Archive - Dec 2009 - Oct 2016

Friday, 11 May 2018

Colleagues List, May13th, 2018

Vol. XIII No. 45


Wayne A. Holst, Editor
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Dear Friends:

Welcome to the latest edition of Colleagues List!

This week I discuss the re-publication of an old title by mythologist Joseph Campbell The Flight of the Wild Gander which I hope you will enjoy.

As usual, I include lots of new material to help you keep current in the world of religion and culture.




Book Notice -

Explorations in the Mythological Dimension
By Joseph Campbell

New World Library, Novato, CA
Reprinted February, 2018.  Paper.

256 pp. $21.25 CAD $18.95 US.
Kindle $9.99 CAD.
iSBN #978-1-60868--531-8

Publisher's Promo:

In The Flight of the Wild Gander, renowned mythologist Joseph Campbell explores the individual and geographical origins of myth, outlining the full range of mythology from Grimm’s fairy tales to Native American legends. Originally published in 1969, this first collection of Campbell’s essays describes the symbolic content of stories: how they are linked to human experience and how they—along with our experiences—have changed over time.
Throughout, Campbell explores the function of mythology in everyday life and the forms it may take in the future. Included are two of Campbell’s first groundbreaking essays: “Bios and Mythos” and “Primitive Man As Metaphysician,” both of which examine the biological basis and necessity for story and mythology, and establish mythology as a basic function or fact of human nature. Campbell explores how the myth was born, as well as the personal experiences of the visionary medicine man through whose memory the myth was preserved.


Author's Bio:

Joseph Campbell (1904–1987) was an American author and teacher best known for his work in the field of comparative mythology. He was born in New York City in 1904, and from early childhood he became interested in mythology. He loved to read books about American Indian cultures, and frequently visited the American Museum of Natural History in New York, where he was fascinated by the museum's collection of totem poles. Campbell was educated at Columbia University, where he specialized in medieval literature, and continued his studies at universities in Paris and Munich. While abroad he was influenced by the art of Pablo Picasso and Henri Matisse, the novels of James Joyce and Thomas Mann, and the psychological studies of Sigmund Freud and Carl Jung. These encounters led to Campbell's theory that all myths and epics are linked in the human psyche, and that they are cultural manifestations of the universal need to explain social, cosmological, and spiritual realities.

He is widely credited with bringing mythology to a mass audience. His works, including the four-volume The Masks of God and The Power of Myth (with Bill Moyers)  rank among the
classics in mythology and literature.

Author's Words:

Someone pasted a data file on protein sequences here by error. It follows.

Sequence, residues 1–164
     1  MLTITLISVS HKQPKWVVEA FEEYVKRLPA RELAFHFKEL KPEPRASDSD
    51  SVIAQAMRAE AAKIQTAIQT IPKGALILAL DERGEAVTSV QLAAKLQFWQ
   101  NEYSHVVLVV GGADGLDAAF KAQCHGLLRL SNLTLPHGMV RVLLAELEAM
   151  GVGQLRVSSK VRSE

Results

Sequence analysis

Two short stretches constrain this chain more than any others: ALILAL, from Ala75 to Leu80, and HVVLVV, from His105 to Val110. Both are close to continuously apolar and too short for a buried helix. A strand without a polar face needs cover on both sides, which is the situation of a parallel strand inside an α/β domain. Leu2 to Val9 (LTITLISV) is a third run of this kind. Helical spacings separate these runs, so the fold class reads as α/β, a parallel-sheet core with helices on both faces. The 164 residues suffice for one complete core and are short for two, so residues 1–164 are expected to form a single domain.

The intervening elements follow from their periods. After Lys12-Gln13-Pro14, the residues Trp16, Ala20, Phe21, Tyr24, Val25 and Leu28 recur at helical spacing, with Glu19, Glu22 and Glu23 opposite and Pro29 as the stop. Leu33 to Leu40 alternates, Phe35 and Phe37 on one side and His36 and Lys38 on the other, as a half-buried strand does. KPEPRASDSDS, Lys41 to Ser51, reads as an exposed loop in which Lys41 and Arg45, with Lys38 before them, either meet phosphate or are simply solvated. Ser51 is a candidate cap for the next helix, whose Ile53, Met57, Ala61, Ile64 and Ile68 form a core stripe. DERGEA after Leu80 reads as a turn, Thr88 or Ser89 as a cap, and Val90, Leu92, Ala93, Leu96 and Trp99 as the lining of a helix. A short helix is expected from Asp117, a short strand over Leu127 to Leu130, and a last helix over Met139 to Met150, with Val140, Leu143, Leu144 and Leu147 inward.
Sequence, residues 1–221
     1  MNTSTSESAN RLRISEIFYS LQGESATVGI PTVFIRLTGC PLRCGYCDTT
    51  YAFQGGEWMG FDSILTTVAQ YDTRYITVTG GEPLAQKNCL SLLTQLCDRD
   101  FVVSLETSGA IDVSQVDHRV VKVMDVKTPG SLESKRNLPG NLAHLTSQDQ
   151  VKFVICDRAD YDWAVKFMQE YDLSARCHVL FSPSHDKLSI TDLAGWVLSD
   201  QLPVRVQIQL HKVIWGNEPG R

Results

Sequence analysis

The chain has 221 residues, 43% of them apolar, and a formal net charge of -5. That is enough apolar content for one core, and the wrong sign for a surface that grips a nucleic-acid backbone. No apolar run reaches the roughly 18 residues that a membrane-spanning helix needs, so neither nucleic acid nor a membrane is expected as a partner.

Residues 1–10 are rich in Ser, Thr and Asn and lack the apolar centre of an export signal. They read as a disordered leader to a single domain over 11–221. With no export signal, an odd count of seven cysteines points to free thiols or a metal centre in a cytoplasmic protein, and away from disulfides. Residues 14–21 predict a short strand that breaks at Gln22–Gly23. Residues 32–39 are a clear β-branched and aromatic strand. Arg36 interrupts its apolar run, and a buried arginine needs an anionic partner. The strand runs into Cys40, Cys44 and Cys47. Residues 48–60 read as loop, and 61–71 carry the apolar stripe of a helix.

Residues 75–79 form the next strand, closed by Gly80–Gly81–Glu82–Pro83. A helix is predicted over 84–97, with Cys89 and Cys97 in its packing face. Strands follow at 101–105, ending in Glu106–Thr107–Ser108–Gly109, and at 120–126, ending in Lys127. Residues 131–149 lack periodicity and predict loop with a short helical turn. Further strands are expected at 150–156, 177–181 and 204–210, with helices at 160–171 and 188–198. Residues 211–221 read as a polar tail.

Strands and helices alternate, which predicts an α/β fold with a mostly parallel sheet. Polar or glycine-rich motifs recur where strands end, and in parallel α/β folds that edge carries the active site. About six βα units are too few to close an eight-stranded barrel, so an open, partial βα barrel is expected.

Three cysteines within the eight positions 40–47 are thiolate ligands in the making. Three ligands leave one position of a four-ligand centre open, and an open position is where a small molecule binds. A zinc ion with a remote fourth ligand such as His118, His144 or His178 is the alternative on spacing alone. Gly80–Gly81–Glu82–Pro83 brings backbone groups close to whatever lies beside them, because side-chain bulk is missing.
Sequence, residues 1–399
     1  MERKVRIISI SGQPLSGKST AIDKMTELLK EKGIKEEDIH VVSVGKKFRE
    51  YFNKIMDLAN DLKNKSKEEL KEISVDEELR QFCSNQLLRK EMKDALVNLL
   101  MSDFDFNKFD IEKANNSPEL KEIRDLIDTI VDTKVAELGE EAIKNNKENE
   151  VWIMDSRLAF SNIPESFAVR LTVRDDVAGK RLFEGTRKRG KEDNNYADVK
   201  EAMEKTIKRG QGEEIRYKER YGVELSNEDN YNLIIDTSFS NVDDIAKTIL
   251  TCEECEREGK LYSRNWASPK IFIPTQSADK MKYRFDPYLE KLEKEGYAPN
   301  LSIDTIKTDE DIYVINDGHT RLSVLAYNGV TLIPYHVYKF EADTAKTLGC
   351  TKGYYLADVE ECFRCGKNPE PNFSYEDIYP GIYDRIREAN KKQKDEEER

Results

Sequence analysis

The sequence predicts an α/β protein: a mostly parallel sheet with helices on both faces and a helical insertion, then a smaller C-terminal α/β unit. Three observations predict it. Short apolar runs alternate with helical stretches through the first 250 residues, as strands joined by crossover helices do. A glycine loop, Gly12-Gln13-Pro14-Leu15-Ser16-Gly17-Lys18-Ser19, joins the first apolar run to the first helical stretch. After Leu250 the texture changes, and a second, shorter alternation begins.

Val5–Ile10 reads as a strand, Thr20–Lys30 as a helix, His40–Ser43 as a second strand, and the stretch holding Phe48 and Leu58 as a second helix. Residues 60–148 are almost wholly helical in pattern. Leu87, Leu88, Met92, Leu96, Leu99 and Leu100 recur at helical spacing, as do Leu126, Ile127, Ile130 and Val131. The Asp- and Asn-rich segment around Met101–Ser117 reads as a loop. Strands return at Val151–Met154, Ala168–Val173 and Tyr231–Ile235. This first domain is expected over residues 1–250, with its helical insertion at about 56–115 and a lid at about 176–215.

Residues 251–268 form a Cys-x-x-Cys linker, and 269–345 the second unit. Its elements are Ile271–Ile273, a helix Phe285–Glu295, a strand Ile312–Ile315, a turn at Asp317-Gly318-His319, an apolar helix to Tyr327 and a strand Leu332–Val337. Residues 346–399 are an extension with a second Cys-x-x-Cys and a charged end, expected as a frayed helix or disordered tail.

(written for the first edition of this collection in 1969)

The writing of these essays occupied, or rather punctuated, a period of 24 years, during the whole course of which I was circling, and from many quarters, striving, to interpret, the mystery of mythology...

(In earlier books) I have set forth my basic thesis - that myths are a function of nature as well as culture and as necessary to the balanced maturation of the human psyche as is nourishment to the body...

The common tendency today to read the word "myth" as meaning "untruth" is almost certainly a symptom of the incredibility and consequent inefficiency of our own outdated mythic teachings, of both the Old Testament (Hebrew Bible) and the New (Christian Bible); the Fall of Adam and Eve, Tablets of the Law; Fires of Hell; Second Coming of the Saviour, etc. and not only of those archaic Testaments, but also of the various, more modern secular (myths) that are being offered  today in their place... (but) neither a stale and overdue, nor a contrived, plastic mythology will serve (us).

(Here Campbell outlines how the various essays contained in this book help to recover what his understanding of true mythology is about.).

- from the Introduction


My Thoughts:

Over the years I have appreciated receiving first or new editions of Joseph Campbell's collected works  from The New World Library and the Joseph Campbell Foundation - which now number 17 volumes, plus e-books, lecture collections and other presentations  by a most prolific author and speaker. He has been dead for more than thirty years but many of his writings continue to be best-sellers.
It would now appear that most if not all of Campbell's writings have been edited into the Collected Works and it is now possible to begin to think of his work as a complete oeuvre and not merely a disparate   "collection" of amazing erudition.
I have been a student of Campbell for almost thirty years and was drawn to him to help me understand the meaning of Canadian Indigenous People's myths. I continue to learn from members of First Nations members in various parts of the country (e.g. Northern Canada, Northern Ontario, Coastal, and the Stoney, Blackfoot and Cree nations closer to my home on Alberta.)